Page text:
Wednesday, December 6, 2023
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Time to settle the debate on nominations


The importance of nomination has been repeatedly emphasized by different regulators to streamline and smoothen the process of transfer of assets after an investor’s demise. Appointing a nominee for financial assets appears to be a very simple process but this needs to be consciously pondered over by investors so that it does not turn cumbersome for their heir.

The provisions on nomination mentioned in the Indian Succession Act, Insurance Act, Banking Regulations Act, National Savings Certificate Act differs from the provisions of nomination mentioned in the Companies Act and the bye laws of the depositories; thereby impacting the nomination made against shares and mutual funds holdings of an investor.

Section 72 of companies Act 2013 states “Every holder of securities of a company may, at any time, nominate, in the prescribed manner, any person to whom his securities shall vest in the event of his death… Notwithstanding anything contained in any other law for the time being in force or in any disposition…”. In simple terms, a nomination made in respect to securities (shares, debentures, mutual funds) will be entitled to all beneficial rights (bonus, dividend, rights to attend meetings, etc.) and the nominee will become beneficial owner. Going by this clause, the court upheld the rights of nominee to the legal heir in the “Kokate” Case. However, this reasoning was countered in the “Salgaonkar” case wherein it was held that legal heirs prevail over the nominees. In Salgaonkar case, it was argued that the purpose of Section 72, Companies Act, is not to provide the mode of succession or to deal with succession. It was meant to represent the deceased shareholder, as value of shares is subject to market force, and to ensure that the commerce does not suffer due to delay on the part of the legal heirs in establishing their rights of succession and claiming the shares of a company. However, this ruling has been challenged in the Apex court.

The rights of a nominee provided in the Companies Act is in stark contrast to the rights of a nominee in case of other financial assets. Analysis of various case-laws relating to banks and insurance showcase that rights of legal heirs supersede the rights of the nominee. A nominee is considered as a trustee of an asset and has the fiduciary duty of ensuring that the asset is transferred to the legal heir as per the applicable succession acts. Further, nominations cannot override the law in relation to testamentary (as per a will) or intestate succession (in the absence of any will). It is held by the courts that nominations are intended to ensure that the estate or the rights of the deceased subject matter of the nomination are protected till the legal representatives of the deceased take appropriate steps. As per the Indian Succession Act, 1925, assets of the deceased will be devolved as per his/her last will and in the absence of any will, legal heirs are the ultimate beneficiary of the deceased’s estate.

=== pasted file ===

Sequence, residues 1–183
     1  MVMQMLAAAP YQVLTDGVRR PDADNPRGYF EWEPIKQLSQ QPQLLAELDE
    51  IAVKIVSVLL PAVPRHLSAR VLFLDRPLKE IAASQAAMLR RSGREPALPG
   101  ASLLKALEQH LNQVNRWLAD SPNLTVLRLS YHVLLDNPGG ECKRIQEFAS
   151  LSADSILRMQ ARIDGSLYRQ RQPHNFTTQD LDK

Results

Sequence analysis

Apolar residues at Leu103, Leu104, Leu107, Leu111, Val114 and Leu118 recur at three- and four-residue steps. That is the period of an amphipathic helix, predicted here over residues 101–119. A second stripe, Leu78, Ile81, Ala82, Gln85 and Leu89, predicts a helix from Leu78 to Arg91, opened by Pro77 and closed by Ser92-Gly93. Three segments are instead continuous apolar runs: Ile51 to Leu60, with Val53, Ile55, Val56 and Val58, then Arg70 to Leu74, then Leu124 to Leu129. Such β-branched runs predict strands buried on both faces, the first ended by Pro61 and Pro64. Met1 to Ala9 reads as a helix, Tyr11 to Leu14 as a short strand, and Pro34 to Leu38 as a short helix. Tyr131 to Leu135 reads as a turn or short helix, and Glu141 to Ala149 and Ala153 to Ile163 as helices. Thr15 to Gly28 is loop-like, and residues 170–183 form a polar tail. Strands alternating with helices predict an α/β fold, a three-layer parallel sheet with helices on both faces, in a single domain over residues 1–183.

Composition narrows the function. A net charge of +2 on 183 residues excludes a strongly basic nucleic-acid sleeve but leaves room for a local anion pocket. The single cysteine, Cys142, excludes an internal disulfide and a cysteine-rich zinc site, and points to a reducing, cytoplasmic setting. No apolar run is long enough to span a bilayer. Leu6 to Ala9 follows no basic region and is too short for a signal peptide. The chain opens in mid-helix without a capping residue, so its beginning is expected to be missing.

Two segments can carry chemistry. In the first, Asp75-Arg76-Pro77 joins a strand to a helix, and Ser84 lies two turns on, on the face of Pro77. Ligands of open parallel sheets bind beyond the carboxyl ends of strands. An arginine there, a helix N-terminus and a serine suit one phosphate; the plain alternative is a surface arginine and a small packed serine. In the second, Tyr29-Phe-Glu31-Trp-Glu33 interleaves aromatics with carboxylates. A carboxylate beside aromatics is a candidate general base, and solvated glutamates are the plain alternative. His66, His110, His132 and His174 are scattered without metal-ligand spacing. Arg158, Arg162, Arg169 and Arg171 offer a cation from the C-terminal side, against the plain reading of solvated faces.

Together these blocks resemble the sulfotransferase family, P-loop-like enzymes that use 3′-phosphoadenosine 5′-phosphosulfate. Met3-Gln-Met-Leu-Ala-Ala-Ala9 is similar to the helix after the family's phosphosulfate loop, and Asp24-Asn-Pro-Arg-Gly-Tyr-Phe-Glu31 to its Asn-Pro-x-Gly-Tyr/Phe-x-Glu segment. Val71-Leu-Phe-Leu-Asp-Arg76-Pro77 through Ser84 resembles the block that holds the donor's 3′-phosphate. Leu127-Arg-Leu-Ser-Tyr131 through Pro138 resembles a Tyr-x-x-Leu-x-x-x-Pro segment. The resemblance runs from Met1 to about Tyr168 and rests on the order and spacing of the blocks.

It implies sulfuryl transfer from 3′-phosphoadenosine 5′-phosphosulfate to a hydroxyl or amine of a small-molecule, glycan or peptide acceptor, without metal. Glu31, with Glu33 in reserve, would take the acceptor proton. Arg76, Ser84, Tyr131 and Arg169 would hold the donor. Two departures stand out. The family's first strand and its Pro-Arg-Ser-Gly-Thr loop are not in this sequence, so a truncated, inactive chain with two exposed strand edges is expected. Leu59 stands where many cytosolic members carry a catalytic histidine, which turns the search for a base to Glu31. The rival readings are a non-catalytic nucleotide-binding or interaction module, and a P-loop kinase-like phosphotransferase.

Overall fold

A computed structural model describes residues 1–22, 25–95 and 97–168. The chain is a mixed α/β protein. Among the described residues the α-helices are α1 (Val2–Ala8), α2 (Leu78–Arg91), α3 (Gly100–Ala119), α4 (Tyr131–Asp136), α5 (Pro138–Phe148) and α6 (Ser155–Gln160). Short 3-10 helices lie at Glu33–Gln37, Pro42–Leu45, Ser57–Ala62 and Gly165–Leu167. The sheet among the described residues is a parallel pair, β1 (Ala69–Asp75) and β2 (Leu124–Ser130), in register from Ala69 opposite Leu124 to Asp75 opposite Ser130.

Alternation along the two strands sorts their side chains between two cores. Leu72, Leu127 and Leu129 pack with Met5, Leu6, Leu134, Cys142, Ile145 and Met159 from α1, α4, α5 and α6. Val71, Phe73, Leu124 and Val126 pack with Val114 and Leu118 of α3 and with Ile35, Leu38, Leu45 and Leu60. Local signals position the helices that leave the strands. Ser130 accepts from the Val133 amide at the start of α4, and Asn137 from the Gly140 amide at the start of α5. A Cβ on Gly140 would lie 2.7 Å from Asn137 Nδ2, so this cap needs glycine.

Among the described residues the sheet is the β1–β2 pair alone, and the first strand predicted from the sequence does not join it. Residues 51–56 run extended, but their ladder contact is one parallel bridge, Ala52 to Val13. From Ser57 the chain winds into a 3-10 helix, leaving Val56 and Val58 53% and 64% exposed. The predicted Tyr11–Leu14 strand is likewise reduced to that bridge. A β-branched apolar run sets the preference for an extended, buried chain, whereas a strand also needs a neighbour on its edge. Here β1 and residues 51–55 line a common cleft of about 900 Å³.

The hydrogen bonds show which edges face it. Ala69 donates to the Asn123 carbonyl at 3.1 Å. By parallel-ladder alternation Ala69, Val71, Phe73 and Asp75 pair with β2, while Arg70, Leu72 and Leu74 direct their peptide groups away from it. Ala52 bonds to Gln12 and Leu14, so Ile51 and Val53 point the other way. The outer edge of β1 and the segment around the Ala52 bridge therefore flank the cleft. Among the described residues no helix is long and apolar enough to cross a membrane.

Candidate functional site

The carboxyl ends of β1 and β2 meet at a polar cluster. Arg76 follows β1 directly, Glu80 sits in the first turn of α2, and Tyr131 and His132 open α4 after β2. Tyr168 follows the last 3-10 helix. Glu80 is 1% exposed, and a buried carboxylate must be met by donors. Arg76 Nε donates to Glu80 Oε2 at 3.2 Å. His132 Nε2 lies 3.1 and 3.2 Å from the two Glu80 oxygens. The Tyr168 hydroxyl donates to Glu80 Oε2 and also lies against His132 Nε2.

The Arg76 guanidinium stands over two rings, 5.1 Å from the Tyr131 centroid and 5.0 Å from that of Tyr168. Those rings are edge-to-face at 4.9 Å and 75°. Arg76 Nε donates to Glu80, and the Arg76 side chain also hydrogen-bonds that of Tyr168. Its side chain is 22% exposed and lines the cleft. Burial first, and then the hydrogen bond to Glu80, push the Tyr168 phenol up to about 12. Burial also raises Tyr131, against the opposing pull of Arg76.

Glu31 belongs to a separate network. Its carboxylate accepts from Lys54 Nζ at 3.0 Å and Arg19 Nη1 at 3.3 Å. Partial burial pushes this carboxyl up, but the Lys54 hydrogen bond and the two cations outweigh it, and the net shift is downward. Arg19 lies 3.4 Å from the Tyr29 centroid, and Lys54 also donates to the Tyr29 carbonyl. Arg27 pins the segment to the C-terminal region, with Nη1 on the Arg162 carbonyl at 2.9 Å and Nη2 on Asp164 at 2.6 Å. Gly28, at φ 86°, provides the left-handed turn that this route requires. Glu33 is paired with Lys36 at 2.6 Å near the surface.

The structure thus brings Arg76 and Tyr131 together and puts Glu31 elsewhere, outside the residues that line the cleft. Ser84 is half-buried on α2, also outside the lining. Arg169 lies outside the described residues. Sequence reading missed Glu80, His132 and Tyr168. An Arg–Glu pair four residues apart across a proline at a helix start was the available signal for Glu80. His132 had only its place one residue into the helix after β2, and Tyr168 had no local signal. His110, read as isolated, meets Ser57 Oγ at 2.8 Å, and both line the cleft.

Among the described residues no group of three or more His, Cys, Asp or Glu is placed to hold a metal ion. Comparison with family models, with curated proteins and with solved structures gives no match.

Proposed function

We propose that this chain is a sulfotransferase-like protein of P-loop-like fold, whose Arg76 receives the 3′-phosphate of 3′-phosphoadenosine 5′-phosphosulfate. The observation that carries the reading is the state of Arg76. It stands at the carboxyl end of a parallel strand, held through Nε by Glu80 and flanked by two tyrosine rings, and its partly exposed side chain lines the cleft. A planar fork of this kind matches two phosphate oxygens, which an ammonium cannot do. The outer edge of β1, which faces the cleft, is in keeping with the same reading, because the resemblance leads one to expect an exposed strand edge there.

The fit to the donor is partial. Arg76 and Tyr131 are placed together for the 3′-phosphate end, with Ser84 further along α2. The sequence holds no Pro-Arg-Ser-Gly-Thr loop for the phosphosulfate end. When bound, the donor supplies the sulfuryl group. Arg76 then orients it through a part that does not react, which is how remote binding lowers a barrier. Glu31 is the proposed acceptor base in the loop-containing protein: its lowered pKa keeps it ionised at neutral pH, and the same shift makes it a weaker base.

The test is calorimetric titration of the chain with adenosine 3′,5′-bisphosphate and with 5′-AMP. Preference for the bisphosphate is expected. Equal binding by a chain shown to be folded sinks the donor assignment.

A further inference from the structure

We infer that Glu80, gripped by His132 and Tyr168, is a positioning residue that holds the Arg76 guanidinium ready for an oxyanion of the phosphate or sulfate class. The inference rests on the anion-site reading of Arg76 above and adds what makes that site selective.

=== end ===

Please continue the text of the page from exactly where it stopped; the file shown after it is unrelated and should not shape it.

Most of the court rulings on different financial assets have pronounced that nomination cannot overrule succession rights. However, the existence of the nomination clause in the Companies Act still creates confusion and ambiguity as it explicitly cites that upon the death of the shareholder, the right to own the securities vests with the nominee irrespective of any law in force or in disposition.

The verdicts on nomination in securities markets has been contested in the various courts of law and clarity is yet to emerge. The Apex court is yet to decipher and dispose of matters related to this clause of the Companies Act in the ongoing ‘Salgaonkar’ case. The next hearing for the case is scheduled for 19 October. Thus, to avoid litigation in various courts about estate matters concerning financial products (insurance proceeds, shares, debentures, mutual funds etc.), it may be decided that only a legal heir can be declared as a nominee, and various financial services providers should seek mandatory nomination at the time of selling the product.

Kuldeep Thareja, Mitu Bhardwaj & Rasmeet Kohli are working with the National Institute of Securities Markets.

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